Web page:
Russell Cross, head of the Texas A&M University Department of Animal Science, said he approved the process when he was at USDA’s Food Safety Inspection Service in 1993, but the media have ignored science supporting that decision.

“I’ve never seen more biased, bogus reporting than I’ve seen in this particular case,” Cross said.

“All the reporting that caused this issues, none of the reporters checked the facts, none went to universities, the government. … We need to do what we can to get the truth out about this product.”

Ted Schroeder, a livestock marketing professor at Kansas State University, said the issue boils down to a misperception and “yuck factor” among consumers “that has nothing to do with the quality or safety of the product.”

“If there’s something wrong with it, it should be modified or banned,” Schroeder said. “But from what I understand, I’ve never seen anything suggesting this product is less than safe.”

As for the demand to label LFTB, Schroeder says that process may add a far greater cost in tracking and traceability.

“If we take every food production activity that’s been widely adopted and proven safe and helps get more consistent product to consumers, and we start saying ‘you washed lettuce in that, you have to label that,’ if we start doing that there really is no end. It starts to get into slippery slopes.

How much are we going to put up with increasing costs because we have strangely identified labels, some which may not matter to consumers.”

Schroeder said companies like BPI may find it easier to educate consumers, and reassure them of the product’s safety, and the safety precautions required with ground beef.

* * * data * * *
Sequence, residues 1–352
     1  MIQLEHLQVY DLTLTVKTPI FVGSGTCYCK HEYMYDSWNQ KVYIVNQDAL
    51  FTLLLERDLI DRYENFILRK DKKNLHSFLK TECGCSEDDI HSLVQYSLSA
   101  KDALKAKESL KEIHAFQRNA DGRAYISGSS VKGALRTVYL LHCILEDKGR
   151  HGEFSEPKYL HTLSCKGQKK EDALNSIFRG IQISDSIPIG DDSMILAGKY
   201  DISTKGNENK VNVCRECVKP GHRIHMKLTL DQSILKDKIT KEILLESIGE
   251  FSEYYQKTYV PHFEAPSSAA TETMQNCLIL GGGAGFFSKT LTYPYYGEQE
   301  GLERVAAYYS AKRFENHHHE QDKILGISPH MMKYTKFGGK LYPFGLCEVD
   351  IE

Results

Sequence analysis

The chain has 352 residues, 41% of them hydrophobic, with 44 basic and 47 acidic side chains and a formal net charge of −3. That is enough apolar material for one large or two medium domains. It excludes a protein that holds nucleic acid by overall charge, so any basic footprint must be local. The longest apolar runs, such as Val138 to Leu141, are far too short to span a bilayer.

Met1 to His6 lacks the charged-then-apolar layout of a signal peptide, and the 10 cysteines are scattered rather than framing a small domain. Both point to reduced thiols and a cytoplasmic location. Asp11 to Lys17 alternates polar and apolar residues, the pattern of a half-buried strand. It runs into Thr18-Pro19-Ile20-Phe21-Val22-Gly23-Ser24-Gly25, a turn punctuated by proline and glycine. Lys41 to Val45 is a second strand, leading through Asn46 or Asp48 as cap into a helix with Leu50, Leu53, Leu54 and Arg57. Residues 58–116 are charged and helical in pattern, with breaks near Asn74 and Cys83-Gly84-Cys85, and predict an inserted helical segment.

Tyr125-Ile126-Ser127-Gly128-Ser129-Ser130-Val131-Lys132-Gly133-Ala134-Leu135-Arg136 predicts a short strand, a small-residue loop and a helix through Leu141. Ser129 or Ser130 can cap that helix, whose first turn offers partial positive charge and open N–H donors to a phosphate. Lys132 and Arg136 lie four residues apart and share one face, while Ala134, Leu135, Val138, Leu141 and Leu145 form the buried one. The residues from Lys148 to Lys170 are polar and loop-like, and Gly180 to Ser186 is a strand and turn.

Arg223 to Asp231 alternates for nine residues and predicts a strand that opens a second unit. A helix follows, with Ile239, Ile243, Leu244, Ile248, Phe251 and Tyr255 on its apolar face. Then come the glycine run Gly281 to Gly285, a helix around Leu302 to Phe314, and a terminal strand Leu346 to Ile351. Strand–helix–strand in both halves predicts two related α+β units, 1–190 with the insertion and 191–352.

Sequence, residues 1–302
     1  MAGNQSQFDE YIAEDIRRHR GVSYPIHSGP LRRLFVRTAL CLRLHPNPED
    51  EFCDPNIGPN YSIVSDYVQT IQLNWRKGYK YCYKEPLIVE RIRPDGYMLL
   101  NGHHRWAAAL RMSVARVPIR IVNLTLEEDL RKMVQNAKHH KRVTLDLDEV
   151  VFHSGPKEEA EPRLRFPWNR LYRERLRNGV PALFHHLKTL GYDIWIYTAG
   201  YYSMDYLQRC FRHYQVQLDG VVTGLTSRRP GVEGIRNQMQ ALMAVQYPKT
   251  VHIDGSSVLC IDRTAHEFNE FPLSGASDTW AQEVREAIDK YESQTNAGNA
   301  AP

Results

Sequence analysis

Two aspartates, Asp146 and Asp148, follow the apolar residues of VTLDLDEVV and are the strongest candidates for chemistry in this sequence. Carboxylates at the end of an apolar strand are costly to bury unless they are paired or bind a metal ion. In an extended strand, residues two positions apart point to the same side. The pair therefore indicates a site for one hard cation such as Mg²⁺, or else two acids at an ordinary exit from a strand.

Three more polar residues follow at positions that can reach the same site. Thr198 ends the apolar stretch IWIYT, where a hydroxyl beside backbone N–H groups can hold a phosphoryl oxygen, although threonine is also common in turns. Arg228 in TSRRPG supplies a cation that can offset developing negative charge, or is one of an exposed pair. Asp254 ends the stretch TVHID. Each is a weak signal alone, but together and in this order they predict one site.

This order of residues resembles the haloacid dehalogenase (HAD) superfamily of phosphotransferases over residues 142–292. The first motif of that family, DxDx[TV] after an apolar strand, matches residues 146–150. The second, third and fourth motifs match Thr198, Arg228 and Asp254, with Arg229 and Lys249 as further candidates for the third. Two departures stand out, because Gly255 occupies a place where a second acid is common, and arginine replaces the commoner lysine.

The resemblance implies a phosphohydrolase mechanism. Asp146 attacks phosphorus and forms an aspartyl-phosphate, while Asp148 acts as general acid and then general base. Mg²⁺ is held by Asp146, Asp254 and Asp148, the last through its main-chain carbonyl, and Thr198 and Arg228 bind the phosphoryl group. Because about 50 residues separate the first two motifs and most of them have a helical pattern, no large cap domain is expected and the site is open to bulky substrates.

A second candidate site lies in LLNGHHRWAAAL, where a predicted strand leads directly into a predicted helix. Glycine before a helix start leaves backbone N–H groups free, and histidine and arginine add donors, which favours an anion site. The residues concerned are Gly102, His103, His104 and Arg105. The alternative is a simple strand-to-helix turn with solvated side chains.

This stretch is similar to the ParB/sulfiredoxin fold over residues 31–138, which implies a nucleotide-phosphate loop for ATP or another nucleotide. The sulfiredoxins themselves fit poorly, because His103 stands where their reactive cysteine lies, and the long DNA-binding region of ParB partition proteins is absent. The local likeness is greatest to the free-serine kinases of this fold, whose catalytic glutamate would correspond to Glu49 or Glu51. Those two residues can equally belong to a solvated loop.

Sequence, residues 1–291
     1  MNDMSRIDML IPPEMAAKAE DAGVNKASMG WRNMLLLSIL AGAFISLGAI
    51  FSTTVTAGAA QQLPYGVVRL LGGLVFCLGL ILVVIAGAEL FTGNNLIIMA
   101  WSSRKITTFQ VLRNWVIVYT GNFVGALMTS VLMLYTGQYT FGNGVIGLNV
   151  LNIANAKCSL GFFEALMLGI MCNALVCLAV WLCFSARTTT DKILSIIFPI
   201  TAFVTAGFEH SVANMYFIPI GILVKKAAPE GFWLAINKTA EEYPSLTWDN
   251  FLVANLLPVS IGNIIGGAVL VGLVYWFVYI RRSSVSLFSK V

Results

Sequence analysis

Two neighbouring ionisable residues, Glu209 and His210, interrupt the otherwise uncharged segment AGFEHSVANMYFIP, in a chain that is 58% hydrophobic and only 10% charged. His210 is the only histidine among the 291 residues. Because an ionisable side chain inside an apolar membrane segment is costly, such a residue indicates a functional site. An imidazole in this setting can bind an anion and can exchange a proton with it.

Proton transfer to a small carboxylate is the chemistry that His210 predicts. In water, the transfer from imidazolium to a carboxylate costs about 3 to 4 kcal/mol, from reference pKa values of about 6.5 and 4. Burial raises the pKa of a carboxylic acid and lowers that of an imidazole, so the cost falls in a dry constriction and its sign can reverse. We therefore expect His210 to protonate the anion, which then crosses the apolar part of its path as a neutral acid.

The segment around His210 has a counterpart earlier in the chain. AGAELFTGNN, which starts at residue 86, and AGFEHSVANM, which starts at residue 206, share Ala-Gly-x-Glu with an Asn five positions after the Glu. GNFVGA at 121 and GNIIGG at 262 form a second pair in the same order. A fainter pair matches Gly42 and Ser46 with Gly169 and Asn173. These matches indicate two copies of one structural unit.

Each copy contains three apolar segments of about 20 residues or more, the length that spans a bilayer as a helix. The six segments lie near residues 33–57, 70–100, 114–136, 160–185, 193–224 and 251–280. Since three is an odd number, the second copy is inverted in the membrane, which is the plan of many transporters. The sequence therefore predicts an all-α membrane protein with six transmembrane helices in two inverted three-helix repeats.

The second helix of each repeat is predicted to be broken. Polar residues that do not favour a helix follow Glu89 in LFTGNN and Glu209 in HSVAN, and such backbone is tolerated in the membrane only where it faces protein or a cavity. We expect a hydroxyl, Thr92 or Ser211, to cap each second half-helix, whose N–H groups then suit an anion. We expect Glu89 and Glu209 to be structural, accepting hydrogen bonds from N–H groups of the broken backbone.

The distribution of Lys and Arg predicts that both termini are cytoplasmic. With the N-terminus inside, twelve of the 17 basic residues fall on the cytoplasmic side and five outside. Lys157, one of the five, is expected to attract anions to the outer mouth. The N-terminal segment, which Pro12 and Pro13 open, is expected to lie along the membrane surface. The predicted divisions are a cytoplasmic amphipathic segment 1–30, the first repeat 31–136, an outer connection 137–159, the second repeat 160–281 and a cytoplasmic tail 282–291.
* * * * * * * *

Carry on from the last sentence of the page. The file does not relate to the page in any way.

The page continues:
“If you regulate because you can, you get a costly industry. If you educate, you just have to get out and help them understand.”

Charlie Powell, chief information officer for Washington State University’s College of Veterinary Medicine, said the public’s response was predictable and caught the beef industry unprepared, given how the “pink slime” label was disclosed over two years ago.

“If an industry can’t explain things, or chooses not to explain to the consumer, they run the risk of discovery and exploitation, which always exacerbates the danger of a negative event like this,” Powell said.

The safety of LFTB isn’t in question, Powell said, but the timing of that information came too late when the controversy boiled over. Commodity producers need to embrace open transparency in their production methods, Powell urged.

That requires more than just labeling, but a proactive sustained strategy to educate stakeholders before a blogger or reporter reveals a production secret handed to them by someone unfriendly to the industry.

“Take a page out of the playbook of other commodities. Help (consumers) understand not only the health of the product but also what it takes to produce this. My argument is for complete transparency. Then people aren’t vulnerable to a disinformation attack.”  end_mark

Beef processors gained approval from USDA to label their ground beef indicating whether or not it has finely texture lean beef. Photo by Progressive Cattleman staff.